Accidental Foolishness

Contributed by Walter Brown Reeves,Moore’s Ford Bridge lynching reenactor who also monitored and infiltrated KKK, neo-Nazi & other hate groups for almost a decade

I give Brad Paisley and L.L. Cool J credit for good intentions with their recent joint effort: Accidental Racist. However, as a “white man coming from the southland”, I’d have to say that the song is an epic misfire. Not in terms of impact. Both LL and Brad say their intent was to start people talking and they certainly succeeded in that. The fail here is in the quality of the conversation.

There’s nothing wrong with the idea of a duet wherein a white man and a black man try to talk out their differing perspectives on the South’s tortured legacy of racism. That’s a good idea not only on the merits but because, sad to say,  it is so unheard of as to be a novelty. What could be more desirable than to encourage black men and white men to have real conversations about racism? Trouble is, there‘s not that much real about the set up in Accidental Racist.

I may be behind the times, but I don’t think that the South’s history of  Racism is something that can be effectively addressed by a white Southern Country Music star and a black Yankee Rap star swapping lines over lattes at a Starbucks. If Paisley really wants to get straight on this history, seems to me he ought to be talking to a southern black man.  Someone who knows the brunt of that history and it’s present day effects firsthand. Someone who wouldn’t likely compare doo-rags to rebel flags or iron chains to gold chains.

It makes you wonder; doesn’t Brad know of any southern black rappers? I know I do. He should have given me a call, I could have given him some names.

It doesn’t help that Paisley’s own lyrics reek of the same old self indulgent, self pitying victim hood that Southern whites have been clinging to ever since the Confederacy gave up the ghost. Yes, the white south got the crap kicked out of itself during the Civil War but that wound was pretty much self inflicted. In fact, the historical burden that Brad complains about having to shoulder  as a white man from the Southland wasn’t put there by black folks. That was the work of white Southerners who spent the better part of a century  after the end of slavery waging a systematic campaign of racist terror and suppression against black southerners. Maybe he should complain to them.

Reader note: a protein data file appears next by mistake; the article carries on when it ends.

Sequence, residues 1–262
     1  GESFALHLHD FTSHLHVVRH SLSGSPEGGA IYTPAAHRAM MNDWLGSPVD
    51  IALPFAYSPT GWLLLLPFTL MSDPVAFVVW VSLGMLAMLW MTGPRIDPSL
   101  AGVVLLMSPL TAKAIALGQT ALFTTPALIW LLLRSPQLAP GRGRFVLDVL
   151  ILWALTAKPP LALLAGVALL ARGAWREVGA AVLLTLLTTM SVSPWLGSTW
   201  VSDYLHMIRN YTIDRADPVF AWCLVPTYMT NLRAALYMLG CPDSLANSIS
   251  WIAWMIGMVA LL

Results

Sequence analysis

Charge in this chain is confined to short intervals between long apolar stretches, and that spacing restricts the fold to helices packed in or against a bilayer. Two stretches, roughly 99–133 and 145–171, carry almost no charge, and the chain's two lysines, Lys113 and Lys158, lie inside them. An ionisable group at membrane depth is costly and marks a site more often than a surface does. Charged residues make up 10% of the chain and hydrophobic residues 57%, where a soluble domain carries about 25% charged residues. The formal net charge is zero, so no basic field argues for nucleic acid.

I have to admit though,  Paisley has shined a light on the problem. Just not in the way he may have imagined. He’s accidentally put himself forward as a prime example of  how the South remains deeply divided along the color line. So much so that the only way he could imagine talking about race with a black man was to ring up Cool J. He’d have done better to look up some of his neighbors back home. Even if he had to drive across town to do it.

Accidental Racist lyrics

To the man that waited on me at the Starbucks down on Main, I hope you understand
When I put on that t-shirt, the only thing I meant to say is I’m a Skynyrd fan
The red flag on my chest somehow is like the elephant in the corner of the south
And I just walked him right in the room
Just a proud rebel son with an ‘ol can of worms
Lookin’ like I got a lot to learn but from my point of view

I’m just a white man comin’ to you from the southland
Tryin’ to understand what it’s like not to be
I’m proud of where I’m from but not everything we’ve done
And it ain’t like you and me can re-write history
Our generation didn’t start this nation
We’re still pickin’ up the pieces, walkin’ on eggshells, fightin’ over yesterday
And caught between southern pride and southern blame

They called it Reconstruction, fixed the buildings, dried some tears
We’re still siftin’ through the rubble after a hundred-fifty years
I try to put myself in your shoes and that’s a good place to begin
But it ain’t like I can walk a mile in someone else’s skin

‘Cause I’m a white man livin’ in the southland
Just like you I’m more than what you see
I’m proud of where I’m from but not everything we’ve done
And it ain’t like you and me can re-write history
Our generation didn’t start this nation
And we’re still paying for the mistakes
That a bunch of folks made long before we came
And caught between southern pride and southern blame

Dear Mr. White Man, I wish you understood
What the world is really like when you’re livin’ in the hood
Just because my pants are saggin’ doesn’t mean I’m up to no good
You should try to get to know me, I really wish you would
Now my chains are gold but I’m still misunderstood
I wasn’t there when Sherman’s March turned the south into firewood
I want you to get paid but be a slave I never could
Feel like a new fangled Django, dodgin’ invisible white hoods
So when I see that white cowboy hat, I’m thinkin’ it’s not all good
I guess we’re both guilty of judgin’ the cover not the book
I’d love to buy you a beer, conversate and clear the air
But I see that red flag and I think you wish I wasn’t here

I’m just a white man
(If you don’t judge my do-rag)
Comin’ to you from the southland
(I won’t judge your red flag)
Tryin’ to understand what it’s like not to be
I’m proud of where I’m from
(If you don’t judge my gold chains)
But not everything we’ve done
(I’ll forget the iron chains)
It ain’t like you and me can re-write history
(Can’t re-write history baby)

Oh, Dixieland
(The relationship between the Mason-Dixon needs some fixin’)
I hope you understand what this is all about
(Quite frankly I’m a black Yankee but I’ve been thinkin’ about this lately)
I’m a son of the new south
(The past is the past, you feel me)
And I just want to make things right
(Let bygones be bygones)
Where all that’s left is southern pride
(RIP Robert E. Lee but I’ve gotta thank Abraham Lincoln for freeing me, know what I mean)
It’s real, it’s real
It’s truth